Mexican law enforcement failures worsen rise in murders of women

When Ariadna Lopez, 27, was found dead by the side of a highway in the central Mexican state of Morelos in October, local investigators were quick to say there was no « no signs of violence ».

But their version of events – that Lopez died of asphyxiation from alcohol poisoning – quickly crumbled.

First, Lopez’s family publicly denounced the idea that no crime had been committed, pointing to bruises on Lopez’s body.

Then a second autopsy conducted at the request of officials in Mexico City, where she had gone to a restaurant the night of her death, said her body had various blunt force injuries and concluded that multiple trauma was the cause of death.

The case highlighted repeated shortcomings in the investigation of violent crimes against women in Mexico, where the number of recorded murders of women is on the rise.

In the days after Lopez’s death, Mexico City Mayor Claudia Sheinbaum accused prosecutors in Morelos of « wanting to cover up the femicide » due to alleged corrupt ties to the alleged killer, without providing detailed evidence.

Morelos Chief Prosecutor Uriel Carmona denies any wrongdoing and said he has no connection to the suspect. He said that although Lopez’s body had bruises, his office’s original autopsy was correct.

For Teresa Rodriguez, a sociologist at the National Autonomous University of Mexico (UNAM), the attempt to blame Lopez for her own death, by drinking too much, fits into a victim-blaming pattern common in Mexico.

This often discourages women from reporting crimes.

« The most tragic thing is that this tendency to revictimize and blame the victim doesn’t even require corruption, » Rodriguez said.

Rise of feminicides

Lopez’s case fits into a grim pattern of botched investigations into the murders of women. In April, 18-year-old Debanhi Escobar was found dead near a motel in the state of Nuevo Leon. A first autopsy concluded an accidental death; a second noted sexual assault and assault and battery; and a third concluded that she died of asphyxiation.

In 2017, the family of Lesvy Berlin, who was found strangled in a phone booth in Mexico City, were first told by investigators that she had taken her own life. Authorities, who ultimately ruled the death a femicide, took two years to apologize.

On April 24, protesters demanded justice for victims of gender-based violence and femicide after the death of Debanhi Escobar, an 18-year-old law student whose body was found submerged in a water tank inside a ‘a motel in the northern state of Nuevo Leon, in Mexico City, Mexico. (Quetzalli Nicte-Ha/Reuters)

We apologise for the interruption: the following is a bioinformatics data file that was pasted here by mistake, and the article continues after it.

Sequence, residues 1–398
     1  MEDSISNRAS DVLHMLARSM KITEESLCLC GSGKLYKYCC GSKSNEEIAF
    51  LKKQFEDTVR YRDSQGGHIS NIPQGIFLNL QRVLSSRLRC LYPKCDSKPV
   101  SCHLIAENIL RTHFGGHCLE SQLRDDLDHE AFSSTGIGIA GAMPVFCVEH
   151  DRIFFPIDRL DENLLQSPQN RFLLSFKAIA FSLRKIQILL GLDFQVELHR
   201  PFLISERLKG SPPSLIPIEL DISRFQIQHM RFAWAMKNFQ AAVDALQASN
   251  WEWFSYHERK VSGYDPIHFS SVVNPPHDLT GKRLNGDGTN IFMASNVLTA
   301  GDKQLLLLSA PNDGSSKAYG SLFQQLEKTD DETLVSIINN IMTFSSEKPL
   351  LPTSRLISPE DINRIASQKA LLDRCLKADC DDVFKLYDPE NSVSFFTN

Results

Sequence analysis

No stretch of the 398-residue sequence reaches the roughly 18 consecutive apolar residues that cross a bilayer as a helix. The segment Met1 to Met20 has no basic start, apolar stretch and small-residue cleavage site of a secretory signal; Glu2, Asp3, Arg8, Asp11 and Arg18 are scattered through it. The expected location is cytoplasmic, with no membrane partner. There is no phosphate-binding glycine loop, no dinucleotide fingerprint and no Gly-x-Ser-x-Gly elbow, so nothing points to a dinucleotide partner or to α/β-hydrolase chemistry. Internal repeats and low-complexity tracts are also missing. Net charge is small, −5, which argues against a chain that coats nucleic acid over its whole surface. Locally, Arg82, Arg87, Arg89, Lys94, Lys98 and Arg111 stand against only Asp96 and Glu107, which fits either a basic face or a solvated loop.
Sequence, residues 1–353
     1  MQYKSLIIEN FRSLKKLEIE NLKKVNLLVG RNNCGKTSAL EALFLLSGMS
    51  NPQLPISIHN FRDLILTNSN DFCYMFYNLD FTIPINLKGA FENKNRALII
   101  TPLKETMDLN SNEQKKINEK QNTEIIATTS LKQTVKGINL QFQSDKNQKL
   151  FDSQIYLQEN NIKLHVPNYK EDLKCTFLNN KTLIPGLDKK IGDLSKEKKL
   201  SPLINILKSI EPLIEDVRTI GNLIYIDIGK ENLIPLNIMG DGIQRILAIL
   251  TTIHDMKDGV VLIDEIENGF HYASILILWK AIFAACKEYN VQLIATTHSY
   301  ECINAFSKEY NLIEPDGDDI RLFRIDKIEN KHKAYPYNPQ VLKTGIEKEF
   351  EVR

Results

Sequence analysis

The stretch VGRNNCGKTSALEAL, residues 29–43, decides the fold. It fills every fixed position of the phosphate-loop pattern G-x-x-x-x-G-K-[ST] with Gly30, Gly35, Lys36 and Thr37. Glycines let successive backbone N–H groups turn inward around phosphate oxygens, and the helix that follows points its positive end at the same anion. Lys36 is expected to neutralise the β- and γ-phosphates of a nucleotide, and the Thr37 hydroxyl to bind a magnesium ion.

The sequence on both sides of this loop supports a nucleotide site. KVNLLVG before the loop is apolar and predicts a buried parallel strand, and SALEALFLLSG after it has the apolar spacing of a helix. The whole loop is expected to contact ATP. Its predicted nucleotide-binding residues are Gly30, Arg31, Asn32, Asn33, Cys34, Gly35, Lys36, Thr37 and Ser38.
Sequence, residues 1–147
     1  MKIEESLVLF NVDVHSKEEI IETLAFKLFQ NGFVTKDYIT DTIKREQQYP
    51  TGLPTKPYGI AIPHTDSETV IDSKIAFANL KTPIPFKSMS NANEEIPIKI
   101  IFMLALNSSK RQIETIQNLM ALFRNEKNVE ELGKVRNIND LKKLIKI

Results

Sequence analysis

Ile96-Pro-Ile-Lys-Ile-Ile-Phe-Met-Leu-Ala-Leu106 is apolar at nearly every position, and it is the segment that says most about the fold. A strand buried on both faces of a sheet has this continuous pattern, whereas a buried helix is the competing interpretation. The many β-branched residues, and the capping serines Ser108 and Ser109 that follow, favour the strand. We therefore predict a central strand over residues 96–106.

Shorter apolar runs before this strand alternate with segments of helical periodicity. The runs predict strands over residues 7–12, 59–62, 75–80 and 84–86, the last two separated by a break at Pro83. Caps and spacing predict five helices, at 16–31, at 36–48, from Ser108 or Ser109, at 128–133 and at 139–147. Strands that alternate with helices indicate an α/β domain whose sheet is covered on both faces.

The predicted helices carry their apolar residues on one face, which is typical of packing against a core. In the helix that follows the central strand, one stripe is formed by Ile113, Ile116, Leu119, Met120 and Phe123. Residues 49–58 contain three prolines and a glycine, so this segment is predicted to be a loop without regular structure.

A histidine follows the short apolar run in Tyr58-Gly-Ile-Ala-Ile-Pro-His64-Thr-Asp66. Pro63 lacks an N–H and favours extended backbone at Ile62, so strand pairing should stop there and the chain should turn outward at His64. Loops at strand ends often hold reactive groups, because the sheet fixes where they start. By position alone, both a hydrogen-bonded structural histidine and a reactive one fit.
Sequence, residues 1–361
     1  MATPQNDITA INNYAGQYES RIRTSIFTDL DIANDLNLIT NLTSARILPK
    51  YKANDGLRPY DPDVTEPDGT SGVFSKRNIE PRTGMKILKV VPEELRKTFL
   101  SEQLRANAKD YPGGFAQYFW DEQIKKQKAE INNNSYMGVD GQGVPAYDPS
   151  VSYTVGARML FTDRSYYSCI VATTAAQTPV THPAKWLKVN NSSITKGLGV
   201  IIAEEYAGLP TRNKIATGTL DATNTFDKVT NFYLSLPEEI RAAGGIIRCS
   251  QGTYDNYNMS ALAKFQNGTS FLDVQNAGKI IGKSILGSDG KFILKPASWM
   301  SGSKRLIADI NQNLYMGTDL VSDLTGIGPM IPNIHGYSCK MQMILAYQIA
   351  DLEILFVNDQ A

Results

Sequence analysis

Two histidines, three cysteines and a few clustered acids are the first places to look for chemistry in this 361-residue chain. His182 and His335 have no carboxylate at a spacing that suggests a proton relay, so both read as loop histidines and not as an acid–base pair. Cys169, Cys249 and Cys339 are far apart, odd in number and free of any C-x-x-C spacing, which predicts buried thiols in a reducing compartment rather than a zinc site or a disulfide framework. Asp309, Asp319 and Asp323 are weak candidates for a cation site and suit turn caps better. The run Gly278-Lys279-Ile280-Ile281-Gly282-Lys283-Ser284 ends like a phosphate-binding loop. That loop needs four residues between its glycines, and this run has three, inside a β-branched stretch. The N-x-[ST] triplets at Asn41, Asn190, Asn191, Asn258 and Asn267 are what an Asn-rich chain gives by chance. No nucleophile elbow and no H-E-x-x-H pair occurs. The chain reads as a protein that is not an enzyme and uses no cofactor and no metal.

More than 5,600 women were killed in Mexico in the first nine months of this year, according to government data, an average of 20 a day.

Half were suspected homicides, just over a third murders and 12% femicides – the killing of a woman or girl on the basis of gender, a more serious charge that carries up to 70 years in prison.

Last year, the number of femicides rose even as murders of men fell slightly, according to government data. Mexico remains plagued by gang violence that kills mostly men.

For 100 women killed, 4 sentences

Long prison sentences for femicide do not help when killings often go unreported and not adequately investigated, Melissa Fernandez, a researcher at the University of the Cloister of Sor Juana in Mexico City, told Reuters. , specializing in gender-based violence.

Government data from 2019 showed that for every 100 women killed in Mexico, only four result in sentences.

Tackling femicide, Fernandez said, requires addressing slow police responses and ensuring law enforcement follows protocols for possible gender-based killings.

“Hell, it has to be said: in this country, men kill women because they can,” said Fernandez, who also pointed to a media culture that often trivializes the killing of women and girls.

On Friday, women across Latin America marched in an international day of protest against gender-based violence.


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